|Toyon bush in habitat|
M.Roem. nom. cons. 1847
Heteromeles arbutifolia (/
Toyon is a prominent component of the coastal sage scrub plant community, and is a part of drought-adapted chaparral and mixed oak woodland habitats. It is also known by the common names Christmas berry and California holly.
Toyon typically grows from 2–5 m (rarely up to 10 m in shaded conditions) and has a rounded to irregular top. Its leaves are evergreen, alternate, sharply toothed, have short petioles, and are 5–10 cm in length and 2–4 cm wide. In the early summer it produces small white flowers 6–10 mm diameter in dense terminal corymbs. Flowering peaks in June 
Toyon can be grown in domestic gardens in well-drained soil, and is cultivated as an ornamental plant as far north as Southern England. It can survive temperatures as low as -12 °C. In winter, the bright red pomes (which birds often eat voraciously) are showy.
Like many other genera in the Rosaceae tribe Maleae, toyon includes some cultivars that are susceptible to fireblight. It survives on little water, making it suitable for xeriscape gardening, and is less of a fire hazard than some chaparral plants.
They are visited by butterflies, and have a mild, hawthorn-like scent. The fruit are consumed by birds, including mockingbirds, American robins, cedar waxwings and hermit thrushes. Mammals including coyotes and bears also eat and disperse the pomes.
The pomes provided food for local Native American tribes, such as the Chumash, Tongva, and Tataviam. The pomes also can be made into a jelly. Native Americans also made a tea from the leaves as a stomach remedy. Most were dried and stored, then later cooked into porridge or pancakes. Later settlers added sugar to make custard and wine.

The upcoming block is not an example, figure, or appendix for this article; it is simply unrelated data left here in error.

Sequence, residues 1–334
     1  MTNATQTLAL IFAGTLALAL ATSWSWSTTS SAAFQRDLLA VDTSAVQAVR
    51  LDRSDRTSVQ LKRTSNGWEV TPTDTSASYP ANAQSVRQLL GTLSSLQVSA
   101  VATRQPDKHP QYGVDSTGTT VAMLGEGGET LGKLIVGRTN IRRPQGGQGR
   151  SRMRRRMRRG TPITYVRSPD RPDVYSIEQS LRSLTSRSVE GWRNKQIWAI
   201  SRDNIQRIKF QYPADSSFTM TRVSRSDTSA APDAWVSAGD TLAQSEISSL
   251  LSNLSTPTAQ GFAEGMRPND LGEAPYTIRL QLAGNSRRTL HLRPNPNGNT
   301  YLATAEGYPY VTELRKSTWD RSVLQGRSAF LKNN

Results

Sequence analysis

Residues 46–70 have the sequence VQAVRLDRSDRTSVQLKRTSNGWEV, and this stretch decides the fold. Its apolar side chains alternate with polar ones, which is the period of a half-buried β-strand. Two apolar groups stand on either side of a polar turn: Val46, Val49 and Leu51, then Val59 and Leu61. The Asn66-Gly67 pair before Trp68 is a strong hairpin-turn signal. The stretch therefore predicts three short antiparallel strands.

Some pomes, though mealy, astringent and acid when raw, were eaten fresh, or mashed into water to make a beverage.
In the 1920s, collecting toyon branches for Christmas became so popular in Los Angeles that the State of California passed a law forbidding collecting on public land or on any land not owned by the person picking any plant without the landowner's written permission (CA Penal Code § 384a).
Toyon was adopted as the official native plant of the city of Los Angeles by the LA City Council on April 17, 2012.
The Naming of Hollywood
There is a commonly held belief that the prevalence of California holly in the foothills above Los Angeles gave rise to the name Hollywood. However, Hollywood got its name for a much more mundane reason: someone wealthy liked the sound of it.
In 1886, Harvey Henderson Wilcox, a rich prohibitionist from Kansas, and his wife, Daeida, purchased 120 acres of apricot and fig groves near the Cahuenga Pass at $150 an acre. Harvey, an inveterate businessman, realized he could make a lot of money by subdividing the land and selling the lots for $1,000 a pop. And so the Wilcox subdivision, as Hollywood was then known, was born.